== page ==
Mercedes is no longer part of the ‘gang of seven’ teams which was pressing the FIA over its settlement with Ferrari over last year’s investigation into the legality of its power unit.
Mercedes played a leading role in uniting the seven non-Ferrari powered teams in writing a letter to the FIA stating their strong objections to the deal, the terms of which have not been revealed.
The remaining teams are said to be extremely disappointed to have lost the world champions’ backing. One team principal told RaceFans Mercedes “were the prime movers [behind the letter], then they pull out and hang us out to dry.”
Insiders have revealed Ola Kallenius, chairman of Mercedes owner Daimler, intervened following discussions with Fiat Chrysler and Ferrari chairman John Elkann. At Kallenius’s request, Mercedes F1 CEO and team principal Toto Wolff began moves to pull the team’s support for the collective action.
An Italian source says that agreement was then struck between Kallenius and Ferrari CEO Louis Camilleri due to the “bigger picture”. Daimler, BMW and Fiat are believed to be cooperating on autonomous car technologies, while Elkann was concerned that the mud-flinging was damaging Formula 1’s image.
The remaining teams are understood to be concerned by the questions of transparency which they believe have been raised by the FIA’s handling of the matter. This is especially concerning to some in light of the new Financial Regulations – also known as the budget cap – due to be introduced next year.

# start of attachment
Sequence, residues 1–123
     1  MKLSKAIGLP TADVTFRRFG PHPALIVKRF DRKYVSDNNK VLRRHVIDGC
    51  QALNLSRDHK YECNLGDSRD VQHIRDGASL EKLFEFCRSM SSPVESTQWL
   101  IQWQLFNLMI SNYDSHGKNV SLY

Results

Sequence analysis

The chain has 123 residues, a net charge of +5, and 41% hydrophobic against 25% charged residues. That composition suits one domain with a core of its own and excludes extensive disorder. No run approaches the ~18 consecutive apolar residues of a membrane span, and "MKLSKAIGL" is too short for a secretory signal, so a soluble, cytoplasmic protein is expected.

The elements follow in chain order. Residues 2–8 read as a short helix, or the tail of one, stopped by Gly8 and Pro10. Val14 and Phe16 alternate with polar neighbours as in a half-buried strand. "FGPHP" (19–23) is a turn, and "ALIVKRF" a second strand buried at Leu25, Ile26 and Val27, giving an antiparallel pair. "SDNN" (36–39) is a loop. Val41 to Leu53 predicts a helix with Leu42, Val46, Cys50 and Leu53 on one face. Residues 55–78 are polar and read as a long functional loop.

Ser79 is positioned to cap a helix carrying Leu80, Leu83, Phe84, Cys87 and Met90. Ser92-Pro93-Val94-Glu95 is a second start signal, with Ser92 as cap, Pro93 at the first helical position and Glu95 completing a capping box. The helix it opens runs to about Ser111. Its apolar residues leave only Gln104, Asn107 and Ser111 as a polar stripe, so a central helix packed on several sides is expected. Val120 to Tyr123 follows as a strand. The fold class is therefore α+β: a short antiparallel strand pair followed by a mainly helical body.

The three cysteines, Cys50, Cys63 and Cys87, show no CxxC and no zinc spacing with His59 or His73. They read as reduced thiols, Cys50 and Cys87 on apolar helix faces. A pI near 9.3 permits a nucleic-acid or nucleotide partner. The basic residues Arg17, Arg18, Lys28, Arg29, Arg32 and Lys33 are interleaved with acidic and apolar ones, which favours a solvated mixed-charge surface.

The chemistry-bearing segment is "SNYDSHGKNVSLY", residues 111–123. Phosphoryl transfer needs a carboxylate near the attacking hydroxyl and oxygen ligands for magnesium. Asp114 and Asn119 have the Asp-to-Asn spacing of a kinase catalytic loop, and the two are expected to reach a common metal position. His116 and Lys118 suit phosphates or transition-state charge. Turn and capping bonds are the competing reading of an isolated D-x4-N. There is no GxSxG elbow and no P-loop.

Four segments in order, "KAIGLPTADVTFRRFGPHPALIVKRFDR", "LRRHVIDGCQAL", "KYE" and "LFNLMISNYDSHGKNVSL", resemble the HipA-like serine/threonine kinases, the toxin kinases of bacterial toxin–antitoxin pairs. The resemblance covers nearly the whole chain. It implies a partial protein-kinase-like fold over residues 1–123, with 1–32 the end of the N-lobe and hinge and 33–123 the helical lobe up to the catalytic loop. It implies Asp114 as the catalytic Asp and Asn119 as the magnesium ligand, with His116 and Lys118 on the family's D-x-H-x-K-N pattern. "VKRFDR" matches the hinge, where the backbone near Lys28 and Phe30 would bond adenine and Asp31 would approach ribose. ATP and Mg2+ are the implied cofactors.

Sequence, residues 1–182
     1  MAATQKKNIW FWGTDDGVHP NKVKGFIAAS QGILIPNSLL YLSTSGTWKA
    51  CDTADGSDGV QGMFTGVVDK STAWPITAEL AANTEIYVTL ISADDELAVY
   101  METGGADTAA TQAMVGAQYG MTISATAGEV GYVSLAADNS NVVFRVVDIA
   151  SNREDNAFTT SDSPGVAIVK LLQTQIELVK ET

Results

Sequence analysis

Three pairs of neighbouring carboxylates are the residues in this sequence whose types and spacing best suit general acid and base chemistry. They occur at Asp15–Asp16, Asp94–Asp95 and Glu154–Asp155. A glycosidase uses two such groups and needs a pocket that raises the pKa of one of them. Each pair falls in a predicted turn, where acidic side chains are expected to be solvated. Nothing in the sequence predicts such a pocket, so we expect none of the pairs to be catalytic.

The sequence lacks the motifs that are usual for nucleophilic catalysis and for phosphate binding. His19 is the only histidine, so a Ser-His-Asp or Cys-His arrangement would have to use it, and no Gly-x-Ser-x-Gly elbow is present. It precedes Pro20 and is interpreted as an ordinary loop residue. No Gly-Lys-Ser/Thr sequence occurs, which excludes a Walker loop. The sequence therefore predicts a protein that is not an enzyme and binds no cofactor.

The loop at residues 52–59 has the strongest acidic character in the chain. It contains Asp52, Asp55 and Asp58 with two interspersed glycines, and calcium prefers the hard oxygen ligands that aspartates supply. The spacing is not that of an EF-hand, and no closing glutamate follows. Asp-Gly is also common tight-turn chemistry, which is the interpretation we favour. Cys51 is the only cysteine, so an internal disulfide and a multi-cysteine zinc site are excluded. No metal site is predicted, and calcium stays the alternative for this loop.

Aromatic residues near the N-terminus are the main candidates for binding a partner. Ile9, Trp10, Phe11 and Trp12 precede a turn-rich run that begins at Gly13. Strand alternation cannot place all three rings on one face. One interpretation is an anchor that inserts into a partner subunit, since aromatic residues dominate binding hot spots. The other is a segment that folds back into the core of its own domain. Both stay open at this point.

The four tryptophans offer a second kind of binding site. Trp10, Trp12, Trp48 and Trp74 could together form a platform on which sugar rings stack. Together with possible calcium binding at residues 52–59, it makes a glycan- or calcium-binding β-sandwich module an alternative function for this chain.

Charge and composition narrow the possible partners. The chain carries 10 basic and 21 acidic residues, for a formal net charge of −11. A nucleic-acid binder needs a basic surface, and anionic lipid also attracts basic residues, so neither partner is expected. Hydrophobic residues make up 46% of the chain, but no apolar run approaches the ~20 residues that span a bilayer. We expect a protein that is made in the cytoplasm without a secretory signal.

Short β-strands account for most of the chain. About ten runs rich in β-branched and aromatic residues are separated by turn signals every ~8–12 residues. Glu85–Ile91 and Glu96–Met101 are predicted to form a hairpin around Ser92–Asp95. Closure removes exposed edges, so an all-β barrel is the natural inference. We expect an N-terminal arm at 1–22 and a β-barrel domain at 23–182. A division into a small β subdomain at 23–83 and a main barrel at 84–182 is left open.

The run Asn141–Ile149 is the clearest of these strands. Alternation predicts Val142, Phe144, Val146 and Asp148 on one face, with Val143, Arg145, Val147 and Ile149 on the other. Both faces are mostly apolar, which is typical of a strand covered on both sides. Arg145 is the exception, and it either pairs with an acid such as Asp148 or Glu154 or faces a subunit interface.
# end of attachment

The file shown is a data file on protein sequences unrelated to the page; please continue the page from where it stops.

“If they [the FIA] can’t police Ferrari’s fuel system, how can they police their budget?” asked one.
In their letter, addressed jointly to the FIA and F1 commercial rights holder Liberty Media, the teams raised several points which they feel FIA president Jean Todt failed to fully address in his subsequent response.
The teams are considering their next steps, which could include publishing their original letter, or pursuing legal action to compel the FIA or F1 to disclose the terms of the settlement.
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